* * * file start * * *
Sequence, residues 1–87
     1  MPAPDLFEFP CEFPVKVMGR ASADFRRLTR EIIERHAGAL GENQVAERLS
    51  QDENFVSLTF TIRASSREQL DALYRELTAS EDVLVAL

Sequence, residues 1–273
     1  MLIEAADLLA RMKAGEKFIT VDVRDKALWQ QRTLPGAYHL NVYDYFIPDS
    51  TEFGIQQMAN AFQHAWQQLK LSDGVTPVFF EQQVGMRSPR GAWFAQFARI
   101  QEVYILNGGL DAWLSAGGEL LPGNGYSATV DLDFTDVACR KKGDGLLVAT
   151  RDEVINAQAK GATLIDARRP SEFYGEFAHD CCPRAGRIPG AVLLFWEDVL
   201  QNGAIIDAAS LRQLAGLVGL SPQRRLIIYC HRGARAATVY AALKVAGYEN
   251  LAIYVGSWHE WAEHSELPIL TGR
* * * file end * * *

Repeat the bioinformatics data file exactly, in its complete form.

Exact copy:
Sequence, residues 1–87
     1  MPAPDLFEFP CEFPVKVMGR ASADFRRLTR EIIERHAGAL GENQVAERLS
    51  QDENFVSLTF TIRASSREQL DALYRELTAS EDVLVAL

Sequence, residues 1–273
     1  MLIEAADLLA RMKAGEKFIT VDVRDKALWQ QRTLPGAYHL NVYDYFIPDS
    51  TEFGIQQMAN AFQHAWQQLK LSDGVTPVFF EQQVGMRSPR GAWFAQFARI
   101  QEVYILNGGL DAWLSAGGEL LPGNGYSATV DLDFTDVACR KKGDGLLVAT
   151  RDEVINAQAK GATLIDARRP SEFYGEFAHD CCPRAGRIPG AVLLFWEDVL
   201  QNGAIIDAAS LRQLAGLVGL SPQRRLIIYC HRGARAATVY AALKVAGYEN
   251  LAIYVGSWHE WAEHSELPIL TGR